The regulatory process to be followed by Icasa under the Electronic Communications Act before it can set interconnection pricing remains the most important avenue for reducing the rates. And it is here that all the problems are to be found.

In assessing Icasa’s performance to date in dealing with mobile termination rates, the parliamentary portfolio committee, in the particularly pugnacious form of Adv Johnny de Lange MP, offered a brutal analysis of Icasa as vertebrally challenged and incapable of making decisions. Icasa, he said, should be neither a friend of nor prisoner to industry.

Accurate this may be, but it could also be argued that government’s apparent disinterest in having a strong communications regulator has played a major part in the current ineffectiveness of Icasa.

Process is a problem for the regulator — it has been tripped up by procedurally on a number of issues over the past two years and is perceived by industry to be vulnerable to legal threats. Icasa admits that it is litigation-averse, a sense no doubt heightened by the anticipated receipt of Vodacom’s bill for legal fees flowing from the suicidal urgent interdict to prevent the operator’s listing earlier this year.

It seems that Icasa is unwilling to accept the opinion of Gilbert Marcus SC to the effect that it can pursue a simplified approach based on a benchmarking exercise. It has received its own legal advice — together, no doubt, with that offered by others — which points to a lengthier process. This is not necessarily a bad thing but the exact process to be employed is not yet clear.

It is a sure thing that mobile termination rates will come down. The best-case scenario is probably a significant initial “voluntary” reduction effected within six months followed by a regulatory pricing regime finalised within a year.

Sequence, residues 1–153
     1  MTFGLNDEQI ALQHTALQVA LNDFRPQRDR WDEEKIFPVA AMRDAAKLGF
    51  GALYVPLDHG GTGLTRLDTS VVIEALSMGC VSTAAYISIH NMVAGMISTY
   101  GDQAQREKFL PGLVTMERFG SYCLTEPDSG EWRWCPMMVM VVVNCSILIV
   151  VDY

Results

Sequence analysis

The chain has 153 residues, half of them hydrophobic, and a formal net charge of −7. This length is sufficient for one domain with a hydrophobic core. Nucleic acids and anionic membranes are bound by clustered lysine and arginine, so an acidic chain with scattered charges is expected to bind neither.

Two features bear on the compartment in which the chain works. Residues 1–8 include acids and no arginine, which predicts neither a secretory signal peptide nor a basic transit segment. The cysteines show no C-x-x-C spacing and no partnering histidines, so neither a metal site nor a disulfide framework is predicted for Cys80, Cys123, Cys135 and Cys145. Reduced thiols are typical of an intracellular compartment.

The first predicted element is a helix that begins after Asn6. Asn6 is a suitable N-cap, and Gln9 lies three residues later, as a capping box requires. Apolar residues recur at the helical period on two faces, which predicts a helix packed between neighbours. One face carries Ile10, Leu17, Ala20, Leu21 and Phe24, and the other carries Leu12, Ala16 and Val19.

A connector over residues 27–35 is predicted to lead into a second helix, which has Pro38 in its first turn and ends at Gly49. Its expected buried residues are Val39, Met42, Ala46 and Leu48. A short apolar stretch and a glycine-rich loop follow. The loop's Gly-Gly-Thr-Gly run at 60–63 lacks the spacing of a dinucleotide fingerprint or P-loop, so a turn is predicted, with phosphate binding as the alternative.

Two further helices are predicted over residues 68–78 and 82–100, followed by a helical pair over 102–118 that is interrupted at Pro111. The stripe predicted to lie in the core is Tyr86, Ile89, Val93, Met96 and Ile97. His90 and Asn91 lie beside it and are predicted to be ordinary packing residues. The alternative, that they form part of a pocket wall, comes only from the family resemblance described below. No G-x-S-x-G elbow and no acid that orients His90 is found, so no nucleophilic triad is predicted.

A word of caution: the political will which spawned the current initiatives to reduce the rates also present a significant threat. There is a danger that a vulnerable Icasa will, in seeking to finalise the required process in the shortest possible time due to political pressure, compromise its process.

While this may not be challenged in the context of termination rates, it is highly likely to prejudice other critical interventions such as local-loop unbundling and, perhaps, the application of a use-it-or-lose-it policy to the assignment of spectrum.

What is the cost of mobile call termination? In response to a question from the portfolio committee, Icasa stated that it “had done its own analysis of costs and has found that the cost is not more than 40c”.

The “not more than” in this statement speaks to a worrying lack of precision, but the regulator has at least come up with reasonably accurate figure which is less than the rate paid from 1999 onwards. The answer probably lies between this and ResearchICT Africa’s suggested 25c, but a reduction to 40c would make an excellent start.

So we know the answer. We just don’t know how to get there.

  • Dominic Cull specialises in electronic communications regulation. Find him online at www.ellipsis.co.za. This column is written in his personal capacity